Monday, September 03, 2007

More on the next (as in previous and lower on the page) post...

...or at least a connected idea.

I bump into this at Tech News by way of FARK: Survey: Less Than Half of all Published Scientists Endorse Global Warming Theory
Of 528 total papers on climate change, only 38 (7%) gave an explicit endorsement of the consensus. If one considers "implicit" endorsement (accepting the consensus without explicit statement), the figure rises to 45%. However, while only 32 papers (6%) reject the consensus outright, the largest category (48%) are neutral papers, refusing to either accept or reject the hypothesis. This is no "consensus."

The figures are even more shocking when one remembers the watered-down definition of consensus here. Not only does it not require supporting that man is the "primary" cause of warming, but it doesn't require any belief or support for "catastrophic" global warming.
And here's a kicker...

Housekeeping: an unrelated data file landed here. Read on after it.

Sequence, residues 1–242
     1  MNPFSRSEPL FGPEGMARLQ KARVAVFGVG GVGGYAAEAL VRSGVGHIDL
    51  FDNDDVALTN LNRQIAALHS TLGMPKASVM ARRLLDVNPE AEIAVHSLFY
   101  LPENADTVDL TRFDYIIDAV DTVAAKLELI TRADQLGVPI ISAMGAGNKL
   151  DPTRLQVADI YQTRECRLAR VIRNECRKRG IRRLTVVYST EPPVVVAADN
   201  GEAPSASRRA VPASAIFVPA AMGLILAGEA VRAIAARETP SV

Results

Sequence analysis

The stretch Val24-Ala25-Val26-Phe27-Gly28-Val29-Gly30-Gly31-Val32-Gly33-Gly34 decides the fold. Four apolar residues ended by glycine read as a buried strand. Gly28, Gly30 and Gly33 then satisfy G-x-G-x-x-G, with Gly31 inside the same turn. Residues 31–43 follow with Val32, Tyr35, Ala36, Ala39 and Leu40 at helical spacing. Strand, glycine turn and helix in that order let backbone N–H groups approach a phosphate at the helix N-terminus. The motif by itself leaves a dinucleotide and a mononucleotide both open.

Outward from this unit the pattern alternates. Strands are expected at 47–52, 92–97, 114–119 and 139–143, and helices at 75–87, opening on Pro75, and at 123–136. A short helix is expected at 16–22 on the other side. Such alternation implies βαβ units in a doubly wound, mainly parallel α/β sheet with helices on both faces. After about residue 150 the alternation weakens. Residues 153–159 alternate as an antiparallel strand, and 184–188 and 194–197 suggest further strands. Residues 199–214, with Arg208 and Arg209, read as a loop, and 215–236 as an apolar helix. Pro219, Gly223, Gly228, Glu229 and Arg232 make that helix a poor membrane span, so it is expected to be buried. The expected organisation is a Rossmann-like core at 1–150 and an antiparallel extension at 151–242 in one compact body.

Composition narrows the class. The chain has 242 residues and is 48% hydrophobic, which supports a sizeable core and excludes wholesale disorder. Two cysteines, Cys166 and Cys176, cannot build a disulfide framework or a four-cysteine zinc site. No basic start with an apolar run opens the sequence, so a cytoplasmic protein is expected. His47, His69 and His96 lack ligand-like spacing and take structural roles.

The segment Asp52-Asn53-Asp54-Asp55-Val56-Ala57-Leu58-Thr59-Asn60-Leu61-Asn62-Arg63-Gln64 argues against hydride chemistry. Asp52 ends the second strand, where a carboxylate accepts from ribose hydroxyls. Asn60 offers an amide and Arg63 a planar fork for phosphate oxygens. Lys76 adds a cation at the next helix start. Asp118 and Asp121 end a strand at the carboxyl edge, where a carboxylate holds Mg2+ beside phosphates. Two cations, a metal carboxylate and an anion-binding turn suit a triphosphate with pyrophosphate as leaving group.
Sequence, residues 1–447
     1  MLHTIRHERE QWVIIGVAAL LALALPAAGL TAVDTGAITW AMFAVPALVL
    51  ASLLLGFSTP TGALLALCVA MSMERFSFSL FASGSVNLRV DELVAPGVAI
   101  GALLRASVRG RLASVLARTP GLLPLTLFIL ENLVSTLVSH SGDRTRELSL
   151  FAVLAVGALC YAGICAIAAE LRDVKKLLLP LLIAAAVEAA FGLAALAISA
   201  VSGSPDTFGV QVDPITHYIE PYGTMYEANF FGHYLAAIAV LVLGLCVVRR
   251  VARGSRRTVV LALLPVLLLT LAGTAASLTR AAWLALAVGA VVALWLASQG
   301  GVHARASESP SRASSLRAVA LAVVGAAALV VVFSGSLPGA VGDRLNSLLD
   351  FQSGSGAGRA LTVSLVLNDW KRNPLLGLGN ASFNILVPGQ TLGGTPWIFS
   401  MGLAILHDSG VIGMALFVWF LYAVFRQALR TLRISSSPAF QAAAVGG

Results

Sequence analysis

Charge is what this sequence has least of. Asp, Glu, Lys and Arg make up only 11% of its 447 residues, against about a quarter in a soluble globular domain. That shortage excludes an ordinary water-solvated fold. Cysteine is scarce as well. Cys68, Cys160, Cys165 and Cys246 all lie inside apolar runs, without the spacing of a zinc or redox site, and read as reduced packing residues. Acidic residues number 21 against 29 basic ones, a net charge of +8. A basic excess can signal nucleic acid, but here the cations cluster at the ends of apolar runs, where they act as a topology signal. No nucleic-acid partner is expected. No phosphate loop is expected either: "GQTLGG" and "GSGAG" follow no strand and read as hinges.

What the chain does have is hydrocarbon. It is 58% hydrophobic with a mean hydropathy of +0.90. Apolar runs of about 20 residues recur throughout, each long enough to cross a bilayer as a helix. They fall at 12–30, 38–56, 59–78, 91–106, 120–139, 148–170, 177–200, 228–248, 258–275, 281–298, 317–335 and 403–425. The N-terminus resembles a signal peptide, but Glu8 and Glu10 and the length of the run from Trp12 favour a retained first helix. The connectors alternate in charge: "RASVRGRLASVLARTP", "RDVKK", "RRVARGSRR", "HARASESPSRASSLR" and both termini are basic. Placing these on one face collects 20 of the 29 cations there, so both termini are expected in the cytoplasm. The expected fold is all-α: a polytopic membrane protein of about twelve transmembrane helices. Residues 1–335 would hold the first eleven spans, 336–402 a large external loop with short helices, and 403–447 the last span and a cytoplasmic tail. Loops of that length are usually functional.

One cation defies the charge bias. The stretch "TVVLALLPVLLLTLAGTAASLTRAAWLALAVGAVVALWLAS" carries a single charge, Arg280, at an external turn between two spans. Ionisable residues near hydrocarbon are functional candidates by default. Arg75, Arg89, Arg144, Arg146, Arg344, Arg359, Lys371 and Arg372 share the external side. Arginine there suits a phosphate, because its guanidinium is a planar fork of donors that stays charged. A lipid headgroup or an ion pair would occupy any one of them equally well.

In fact of all papers published in this period (2004 to February 2007), only a single one makes any reference to climate change leading to catastrophic results.
So I gets to thinking when I run into this quote:
I think it's a slap in the face to the entire scientific community for you to simply pick and choose which empirically observed, peer-reviewed, scientific theories to accept based on whether or not you like their conclusion
I'm fifty-six years old, and I bet I didn't hear the phrase "peer-reviewed scientific theories" more than once a year in my layman's life. Now I run into it maybe three times a week or more, and pretty much only (as in: only still) on this one subject.

I figure the vast majority of the folks sputtering this script have barely skimmed an original, current technical article or three on climate change, and this only after being prompted to do so by a pundit of their usual persuasion, and I further estimate these 95% folks have read none of the peer reviews. It sure wasn't like they were heavy into peer reviews in the past; judging by present behaviour, they woulda told us about it.

Anyways, I was mentioning in the next post about "Evidently lines on a piece of paper substitute for thought with some folks."

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